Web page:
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Ohio Law

NATIONAL
December 18, 2003 | From Associated Press
An Ohio law that bans a controversial late-term abortion procedure is constitutionally acceptable and the state can enforce it, a federal appeals court ruled Wednesday. The U.S. 6th Circuit Court of Appeals ruled, 2 to 1, to reverse a lower court's ruling against the law, which had been challenged before it could take effect in August 2000. U.S.
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NATIONAL
June 5, 2007 | From Times Wire Reports
A federal appeals court rejected the state's attempt to ban a procedure that opponents call partial-birth abortion, ruling the law unconstitutional because it could also prohibit other abortion procedures. The U.S. 6th Circuit Court of Appeals in Cincinnati said the Michigan Legislature would have been "virtually guaranteed" a favorable result on appeal had it copied an Ohio law that the 6th Circuit already had upheld.
NEWS
April 24, 1986 | Associated Press
The state said Wednesday it will appeal a federal judge's decision that struck down Ohio's law requiring doctors to notify parents or guardians of unmarried minors who seek an abortion. A notice of appeal will be filed within 30 days in the U.S. 6th Circuit Court of Appeals in Cincinnati, said Robert Tenenbaum, an attorney for Ohio Atty. Gen. Anthony Celebrezze Jr. U.S.
NEWS
October 1, 1996 | Associated Press
It's not a same-sex marriage, yet. But a judge issued a marriage license Monday to a man who plans a sex-change operation after he weds a lesbian. Since Ohio law specifies marriage as a partnership between a man and a woman, Lake County Probate Judge Fred V. Skok asked for a doctor's note specifying that Paul Smith of Willoughby still has male sex organs. Smith agreed to the request and got the license to marry Debi Easterday of Medina, said Smith's attorney.
NEWS
May 7, 1985 | Associated Press
Alton Coleman, suspected of a half-dozen murders in a six-state crime spree, was sentenced to death Monday for the fatal beating of a woman. Coleman, 29, was convicted last week of the murder of Marlene Walters, 44, of suburban Norwood and the severe beating of her husband. The jury rejected claims by Coleman and his companion, Debra Brown, 22, both of Waukegan, Ill., that she was responsible for Walters' death. Brown faces sentencing May 14. Common Pleas Judge Richard Niehaus set a Sept.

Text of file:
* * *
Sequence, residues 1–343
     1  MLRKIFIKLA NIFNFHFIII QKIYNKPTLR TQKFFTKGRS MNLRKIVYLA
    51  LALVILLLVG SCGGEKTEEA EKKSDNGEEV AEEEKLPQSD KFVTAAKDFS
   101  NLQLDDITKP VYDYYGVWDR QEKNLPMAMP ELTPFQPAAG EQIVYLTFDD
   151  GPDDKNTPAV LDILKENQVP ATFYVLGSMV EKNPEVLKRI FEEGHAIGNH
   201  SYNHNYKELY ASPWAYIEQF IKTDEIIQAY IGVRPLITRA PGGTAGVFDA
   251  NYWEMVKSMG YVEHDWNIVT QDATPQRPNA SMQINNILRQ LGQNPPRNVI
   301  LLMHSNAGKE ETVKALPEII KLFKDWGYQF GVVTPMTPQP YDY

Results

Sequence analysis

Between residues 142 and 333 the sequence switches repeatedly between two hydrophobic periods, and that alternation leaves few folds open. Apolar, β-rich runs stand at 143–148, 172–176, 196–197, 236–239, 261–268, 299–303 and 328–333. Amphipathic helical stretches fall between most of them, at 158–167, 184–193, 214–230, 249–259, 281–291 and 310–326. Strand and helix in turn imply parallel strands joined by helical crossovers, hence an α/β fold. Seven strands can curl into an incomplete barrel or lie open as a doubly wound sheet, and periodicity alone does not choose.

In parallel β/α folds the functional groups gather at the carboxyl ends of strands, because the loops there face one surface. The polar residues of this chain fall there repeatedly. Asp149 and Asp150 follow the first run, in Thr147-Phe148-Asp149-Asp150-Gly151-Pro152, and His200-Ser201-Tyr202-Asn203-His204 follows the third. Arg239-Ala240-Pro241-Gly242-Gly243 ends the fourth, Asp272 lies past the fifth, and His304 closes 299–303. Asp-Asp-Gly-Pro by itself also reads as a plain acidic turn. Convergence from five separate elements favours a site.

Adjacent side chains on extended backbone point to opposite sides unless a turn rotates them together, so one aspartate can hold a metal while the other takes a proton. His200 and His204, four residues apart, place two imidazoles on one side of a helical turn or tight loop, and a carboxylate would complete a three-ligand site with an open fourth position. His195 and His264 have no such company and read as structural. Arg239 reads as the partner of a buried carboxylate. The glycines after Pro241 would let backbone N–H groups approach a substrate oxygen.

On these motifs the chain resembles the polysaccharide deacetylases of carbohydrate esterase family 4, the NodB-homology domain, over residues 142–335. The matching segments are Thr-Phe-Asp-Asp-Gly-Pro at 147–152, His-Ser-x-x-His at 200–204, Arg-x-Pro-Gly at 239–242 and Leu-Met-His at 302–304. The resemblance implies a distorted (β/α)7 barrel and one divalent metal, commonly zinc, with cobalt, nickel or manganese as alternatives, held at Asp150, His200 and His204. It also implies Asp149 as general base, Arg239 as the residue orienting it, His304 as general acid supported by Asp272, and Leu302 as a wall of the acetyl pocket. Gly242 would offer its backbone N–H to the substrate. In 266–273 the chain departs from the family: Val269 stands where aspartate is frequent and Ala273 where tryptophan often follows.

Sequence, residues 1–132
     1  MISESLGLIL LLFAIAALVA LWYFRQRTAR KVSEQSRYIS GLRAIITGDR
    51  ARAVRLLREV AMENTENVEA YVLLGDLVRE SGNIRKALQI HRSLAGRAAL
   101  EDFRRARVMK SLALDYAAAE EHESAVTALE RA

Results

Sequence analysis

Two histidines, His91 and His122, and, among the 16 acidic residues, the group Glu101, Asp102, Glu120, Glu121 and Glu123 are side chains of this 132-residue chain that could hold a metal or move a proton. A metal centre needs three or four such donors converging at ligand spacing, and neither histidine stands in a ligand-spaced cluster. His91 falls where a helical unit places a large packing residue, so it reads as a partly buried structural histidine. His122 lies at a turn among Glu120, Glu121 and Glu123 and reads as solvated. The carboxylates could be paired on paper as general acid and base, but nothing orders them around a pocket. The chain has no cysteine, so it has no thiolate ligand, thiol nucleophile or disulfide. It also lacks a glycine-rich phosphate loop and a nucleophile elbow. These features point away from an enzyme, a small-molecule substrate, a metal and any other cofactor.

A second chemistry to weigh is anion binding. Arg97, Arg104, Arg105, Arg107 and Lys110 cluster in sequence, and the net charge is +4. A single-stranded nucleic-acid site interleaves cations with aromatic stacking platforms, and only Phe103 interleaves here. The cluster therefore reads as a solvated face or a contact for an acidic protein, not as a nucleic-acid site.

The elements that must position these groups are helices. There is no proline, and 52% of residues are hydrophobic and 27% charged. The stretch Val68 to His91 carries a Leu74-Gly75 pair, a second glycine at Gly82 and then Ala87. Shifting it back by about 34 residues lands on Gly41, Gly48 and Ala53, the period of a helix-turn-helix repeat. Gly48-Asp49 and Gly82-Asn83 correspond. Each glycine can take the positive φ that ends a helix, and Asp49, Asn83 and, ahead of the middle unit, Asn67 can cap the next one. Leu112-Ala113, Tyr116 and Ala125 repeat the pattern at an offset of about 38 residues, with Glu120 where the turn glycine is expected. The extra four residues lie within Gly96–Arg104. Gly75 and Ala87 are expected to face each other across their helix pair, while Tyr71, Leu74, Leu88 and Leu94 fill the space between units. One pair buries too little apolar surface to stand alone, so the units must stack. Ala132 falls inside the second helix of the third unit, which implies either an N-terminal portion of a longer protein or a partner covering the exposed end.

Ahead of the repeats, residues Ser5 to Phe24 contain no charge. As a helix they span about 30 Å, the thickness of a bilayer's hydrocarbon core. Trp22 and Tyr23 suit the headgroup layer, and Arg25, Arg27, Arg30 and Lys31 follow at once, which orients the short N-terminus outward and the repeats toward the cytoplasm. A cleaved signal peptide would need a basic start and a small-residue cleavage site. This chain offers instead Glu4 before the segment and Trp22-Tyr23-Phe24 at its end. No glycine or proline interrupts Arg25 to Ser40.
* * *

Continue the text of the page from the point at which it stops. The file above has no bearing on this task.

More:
NEWS
October 16, 1998 | From Times Wire Reports
A woman convicted of forgery who believes she was imprisoned to prevent her from having an abortion said she has decided to carry the pregnancy to term. Yuriko Kawaguchi, 21, is close to the deadline under Ohio law for having an abortion. Her attorney, Linda Rocker, said she plans to sue Cuyahoga County Judge Patricia Cleary. Rocker said Cleary violated Kawaguchi's right to have an abortion by sentencing her to six months in prison when most forgers would receive probation.
NEWS
September 30, 1993 | From Times Staff and Wire Reports
A 16-year-old boy has been sentenced to life in prison for the mutilation slaying of a 5-year-old girl he was baby-sitting. Billy Joe Shafer, who pleaded guilty to aggravated murder, received the maximum sentence for the slaying of Sara Christine West. Under Ohio law, defendants under age 18 cannot be sentenced to death. He could become eligible for parole in 17 years. The victim's father, Kevin West, lunged at Shafer as he was being taken to jail in Zanesville, Ohio. "Life isn't enough.
OPINION
April 20, 2014 | By The Times editorial board
Does the 1st Amendment allow states to make it a criminal offense to disseminate false statements about a political candidate? Should citizens who fear that their free speech will be chilled by such a law be permitted to challenge it even if they aren't in danger of imminent prosecution? Only the second question will be argued before the Supreme Court on Tuesday, but it is inextricably linked to the first one. If the court rules that the Susan B. Anthony List, an antiabortion group, may not challenge Ohio's criminalization of false political speech, that law and similar ones in other states will remain on the books.
NATIONAL
November 24, 2004 | From Times Wire Reports
A federal judge in Toledo denied a request by third-party presidential candidates who wanted to force a recount of Ohio ballots before the official count was finished. Judge James G. Carr ruled that the candidates have a right under Ohio law to a recount, but said it could wait. The judge wrote that he saw no reason to interfere with the final stages of Ohio's electoral process. Officials have said the results will be certified by Dec. 6.
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